Farahanipour added that his office in Westwood was found to have been bugged in 2005; he and a friend discovered an instrument attached to the outside of his computer when the computer wasn’t working properly one day. Farahanipour believes Iranian agents place the bug there. He also said people connected with the regime’s leadership have tried to bribe him to win his silence. Farahanipour said other local non-Jewish-Iranian activists have, in recent years, been threatened, pressured and, in some cases, bribed by agents of the regime in overt attempts to stop their activism against Iran’s government.

“In 2001, 2005, 2009 and 2013, my group was protesting and raising public awareness about the Iranian regime holding illegal voting stations at various L.A.-area hotels for the Iranian presidential elections — the U.S. has no diplomatic relations with Iran, so their actions were illegal, and my ongoing efforts to expose this activity to the press upset the regime,” Farahanipour said. “Even with sanctions in place today, the Iranian regime has caused a lot of trouble for many of us in L.A. who oppose them — so God knows what havoc they will cause for us and the city when they are flooded with millions of dollars once sanctions are removed.”

In September, Farahanipour, who serves on the Westwood Neighborhood Council — a citizens group that advises the city of L.A. — worked with the neighborhood council to pass a motion calling on the Los Angeles City Council to remove Farsi-language signs in some Westwood shop windows that they alleged were advertising consular services on behalf of the Iranian government, as well as assistance for travel to Iran and for trade with companies inside Iran. Iranian business owners in Westwood vehemently denied any illegal Iranian regime activity was connected with the signs and said the signs were misinterpreted. Since the neighborhood council took up the motion, the signs have been removed. 

Experts on Iran argue the Iranian regime’s history of retaliation against opposition groups outside of Iran gives local opposition activists legitimate cause for worry.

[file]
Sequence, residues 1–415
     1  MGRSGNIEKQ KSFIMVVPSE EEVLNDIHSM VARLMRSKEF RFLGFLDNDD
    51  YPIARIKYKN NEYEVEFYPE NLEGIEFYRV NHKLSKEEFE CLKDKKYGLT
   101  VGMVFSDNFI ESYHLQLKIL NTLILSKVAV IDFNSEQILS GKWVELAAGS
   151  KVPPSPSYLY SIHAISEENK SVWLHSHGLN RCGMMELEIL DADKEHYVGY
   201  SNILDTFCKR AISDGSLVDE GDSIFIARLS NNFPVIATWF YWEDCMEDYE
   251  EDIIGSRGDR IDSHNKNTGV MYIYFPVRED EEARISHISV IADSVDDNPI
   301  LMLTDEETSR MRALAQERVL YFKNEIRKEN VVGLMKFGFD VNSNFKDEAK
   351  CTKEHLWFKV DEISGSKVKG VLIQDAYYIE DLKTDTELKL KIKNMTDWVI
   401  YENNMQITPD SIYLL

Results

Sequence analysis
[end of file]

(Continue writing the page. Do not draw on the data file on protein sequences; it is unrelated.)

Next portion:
“The [Iranian] Revolutionary Guards are especially paranoid with regard to the Iranian diaspora,” said Michael Rubin, a former Pentagon official and resident scholar at the American Enterprise Institute. “With additional money, I wouldn’t be surprised if, at the very least, they stepped up their espionage of the Iranian community abroad.”

While the majority of local Iranian Jews and non-Muslim Iranian Americans oppose the current Iran deal, there is a small minority with ties to family and business in Iran who have quietly been supportive of efforts by the Obama administration to reach out to improve relations with the Iranian regime. A substantial number of Iranian-American Muslims living in Orange and San Diego counties have been more vocal in their support for the Iran deal because of a potential for economic and financial improvement for their families in Iran.

There are also a small number of L.A.-area Iranian Jews who operate businesses inside Iran, all of whom interviewed for this article asked that their names not be published because of concerns for their safety. These L.A. residents said they frequently travel to Iran using identification papers indicating they are Muslim in order to operate their companies or to sell property left behind after the 1979 Iranian revolution. Some Iranian Jews in Southern California and New York have even traveled to Iran in recent years for personal visits, despite the known risk of being randomly imprisoned by Iranian authorities, or held for ransom by the regime’s security apparatus, or prohibited altogether from leaving Iran.

Currently, four Americans are in prison in Iran, the best known of whom is Iranian-American Washington Post journalist Jason Rezaian, arrested in July 2014 and charged with spying for the United States; after more than a year, Rezaian is still awaiting trial. (A closed-door hearing on Rezaian’s case was held this week, and his fate is expected to be decided soon, according to the BBC.) Other Americans detained in Iran include Saeed Abedini, a Christian pastor accused of apostasy; and Amir Hekmati, a former U.S. Marine who was imprisoned in January 2012 for allegedly spying for the CIA during a visit to his family in Iran.